As Mozambique, Malawi and Zimbabwe continue to rebuild after the devastation wrought by Cyclone Idai last month, we thought it appropriate to revisit the maize imports story we published at the start of this month. This is as more information about domestic supplies becomes available in some of the above mentioned countries. Last week, the government of Malawi placed its 2018/2019 maize production estimate at 3.4 million tons, which is 13% higher than market expectations, as better yields in some parts of the country have offset the impact of flooding in the southern regions. This estimate is however 3% lower than the 2017/2018 harvest. It means that, contrary to our expectations, Malawi could have sufficient maize supplies for the 2019/2020 maize marketing year which corresponds with the 2018/2019 production year.
Given that the country’s annual maize consumption is about 3 million tons, there could be excess supply available for the export market which would ease pressure in southern Africa. But it remains to be seen whether or not the government will be tempted to ban maize exports in a bid to keep prices down, ahead of the general elections on 21 May. This would not be an unusual tactic, although it is not ideal as it creates inefficiencies in the market. The government of Malawi has in the past banned maize exports to try and contain potential price increases.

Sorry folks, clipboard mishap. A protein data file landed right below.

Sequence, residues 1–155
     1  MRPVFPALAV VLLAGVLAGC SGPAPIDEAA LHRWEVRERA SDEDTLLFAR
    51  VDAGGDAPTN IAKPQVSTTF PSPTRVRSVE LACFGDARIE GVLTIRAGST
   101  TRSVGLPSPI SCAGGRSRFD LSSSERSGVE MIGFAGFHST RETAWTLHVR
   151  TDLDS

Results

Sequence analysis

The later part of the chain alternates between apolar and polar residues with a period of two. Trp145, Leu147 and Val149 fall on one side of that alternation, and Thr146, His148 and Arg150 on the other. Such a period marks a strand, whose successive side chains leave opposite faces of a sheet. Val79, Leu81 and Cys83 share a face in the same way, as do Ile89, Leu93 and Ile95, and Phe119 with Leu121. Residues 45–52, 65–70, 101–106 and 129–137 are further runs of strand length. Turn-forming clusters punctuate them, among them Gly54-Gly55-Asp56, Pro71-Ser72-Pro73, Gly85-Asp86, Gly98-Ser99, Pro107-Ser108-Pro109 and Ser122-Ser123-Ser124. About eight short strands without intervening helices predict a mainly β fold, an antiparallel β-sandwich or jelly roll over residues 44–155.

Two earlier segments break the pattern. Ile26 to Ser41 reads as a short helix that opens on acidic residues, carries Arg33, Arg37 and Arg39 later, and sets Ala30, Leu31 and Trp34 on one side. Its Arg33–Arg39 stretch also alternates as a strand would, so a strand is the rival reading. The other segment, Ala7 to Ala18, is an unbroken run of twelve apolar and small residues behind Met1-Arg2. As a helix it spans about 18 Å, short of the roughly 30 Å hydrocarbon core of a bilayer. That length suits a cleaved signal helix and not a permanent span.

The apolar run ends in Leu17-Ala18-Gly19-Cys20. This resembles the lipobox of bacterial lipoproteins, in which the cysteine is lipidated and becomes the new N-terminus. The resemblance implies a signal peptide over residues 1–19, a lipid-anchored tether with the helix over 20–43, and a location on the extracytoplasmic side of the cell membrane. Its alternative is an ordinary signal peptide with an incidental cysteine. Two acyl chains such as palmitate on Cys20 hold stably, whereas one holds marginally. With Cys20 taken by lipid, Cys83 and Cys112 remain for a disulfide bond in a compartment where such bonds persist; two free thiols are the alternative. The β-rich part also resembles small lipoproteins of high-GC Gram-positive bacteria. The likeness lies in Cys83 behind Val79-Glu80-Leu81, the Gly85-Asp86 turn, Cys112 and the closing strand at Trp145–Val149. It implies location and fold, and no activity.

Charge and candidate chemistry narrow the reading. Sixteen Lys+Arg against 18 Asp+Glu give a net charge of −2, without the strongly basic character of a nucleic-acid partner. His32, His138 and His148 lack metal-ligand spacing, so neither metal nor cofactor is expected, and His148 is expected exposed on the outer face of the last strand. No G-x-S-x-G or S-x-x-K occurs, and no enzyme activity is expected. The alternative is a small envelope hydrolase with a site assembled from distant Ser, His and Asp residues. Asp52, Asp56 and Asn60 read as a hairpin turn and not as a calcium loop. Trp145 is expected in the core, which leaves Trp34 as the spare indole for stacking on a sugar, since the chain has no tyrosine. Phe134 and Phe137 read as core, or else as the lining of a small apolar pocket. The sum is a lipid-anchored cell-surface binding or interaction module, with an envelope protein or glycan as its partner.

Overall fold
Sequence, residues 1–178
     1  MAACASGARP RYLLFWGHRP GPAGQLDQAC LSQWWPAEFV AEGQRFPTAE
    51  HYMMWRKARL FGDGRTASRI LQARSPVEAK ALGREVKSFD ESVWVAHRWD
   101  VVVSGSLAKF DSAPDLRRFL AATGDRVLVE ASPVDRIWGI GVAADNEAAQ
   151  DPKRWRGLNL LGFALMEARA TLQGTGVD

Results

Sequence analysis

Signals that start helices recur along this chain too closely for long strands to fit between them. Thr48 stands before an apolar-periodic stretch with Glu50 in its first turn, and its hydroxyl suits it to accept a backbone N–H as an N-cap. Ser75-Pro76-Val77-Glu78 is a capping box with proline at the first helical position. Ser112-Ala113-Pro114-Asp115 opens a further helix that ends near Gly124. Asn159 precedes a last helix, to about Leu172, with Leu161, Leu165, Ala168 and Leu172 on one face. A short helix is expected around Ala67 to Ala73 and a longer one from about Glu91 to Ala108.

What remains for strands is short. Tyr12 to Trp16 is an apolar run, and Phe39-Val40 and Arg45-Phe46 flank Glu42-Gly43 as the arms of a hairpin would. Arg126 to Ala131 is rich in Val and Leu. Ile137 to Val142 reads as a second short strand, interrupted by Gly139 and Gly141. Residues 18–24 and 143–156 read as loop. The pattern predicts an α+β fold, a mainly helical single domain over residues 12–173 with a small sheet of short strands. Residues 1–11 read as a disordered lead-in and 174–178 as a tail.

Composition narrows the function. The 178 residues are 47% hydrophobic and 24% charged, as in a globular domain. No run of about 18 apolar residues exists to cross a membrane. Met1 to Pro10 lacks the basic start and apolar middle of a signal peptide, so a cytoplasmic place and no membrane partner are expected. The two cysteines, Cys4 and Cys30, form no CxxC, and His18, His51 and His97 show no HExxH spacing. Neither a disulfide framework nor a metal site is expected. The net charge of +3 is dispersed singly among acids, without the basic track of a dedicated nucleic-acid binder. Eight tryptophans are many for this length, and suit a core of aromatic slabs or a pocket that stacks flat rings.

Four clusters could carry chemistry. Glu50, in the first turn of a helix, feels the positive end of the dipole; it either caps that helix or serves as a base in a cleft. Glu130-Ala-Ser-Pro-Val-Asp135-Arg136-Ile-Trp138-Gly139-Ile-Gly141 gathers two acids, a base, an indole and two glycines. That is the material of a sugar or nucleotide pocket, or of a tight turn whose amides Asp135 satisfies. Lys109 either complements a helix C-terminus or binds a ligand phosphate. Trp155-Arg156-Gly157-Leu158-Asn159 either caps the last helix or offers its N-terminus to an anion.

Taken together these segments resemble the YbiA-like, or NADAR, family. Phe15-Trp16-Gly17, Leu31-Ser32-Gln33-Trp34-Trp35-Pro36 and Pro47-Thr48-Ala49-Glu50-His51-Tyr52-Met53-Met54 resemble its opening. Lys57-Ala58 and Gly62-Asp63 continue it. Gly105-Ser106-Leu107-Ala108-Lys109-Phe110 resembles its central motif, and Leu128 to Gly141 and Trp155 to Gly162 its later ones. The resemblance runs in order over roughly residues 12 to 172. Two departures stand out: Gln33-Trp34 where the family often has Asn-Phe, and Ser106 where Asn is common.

In the case of Zimbabwe and Mozambique, there has not been any update of official government figures of maize production since the cyclone. We are therefore inclined to maintain our view that Zimbabwe and Mozambique will remain maize importers in the 2019/2020 marketing year. We think that Zimbabwe’s 2019/2020 maize imports could reach at least 900 000 tons to meet the annual need of roughly 2 million tons a year. Mozambique will most likely double the typical maize import volume of about 100 000 tons a year in the 2019/2020 marketing year.
In southern Africa, the clearest potential maize supplier is South Africa. We are hesitant about Zambia and Malawi’s ability to export maize to countries in need in the coming months. This is because of their domestic policy objectives of maintaining export bans when the stocks are slightly tight, and the possible political motive in the case of Malawi. Hence, aside from South Africa, the potential maize suppliers to Zimbabwe and Mozambique will most likely be Argentina, Mexico, Ukraine, Russia and the US. The reason for the need for non-regional maize supplies is because South Africa may have only 1.1 million tons of maize for export in the 2019/2020 marketing year, which will mainly be destined for Botswana, Namibia, Lesotho and Eswatini.
The interplay of these factors, combined with the relatively weaker domestic currency, and lower harvest compared to the 2017/2018 production season, has led to an uptick in domestic maize prices. On 11 April, SAFEX yellow and white maize prices were up by 23% and 33% from the corresponding period last year, trading at R2 543 per ton and R2 615 per ton, respectively. While this will be beneficial to farmers, from a consumer perspective there will be upside pressures which will be reflected in consumer price inflation in the coming months. –Wandile Sihlobo, Agbiz
Wandile Sihlobo, head of economic and agribusiness intelligence at Agbiz, shares highlights in his update on agricultural commodity markets. Click here for the full report on agri markets for the major commodities.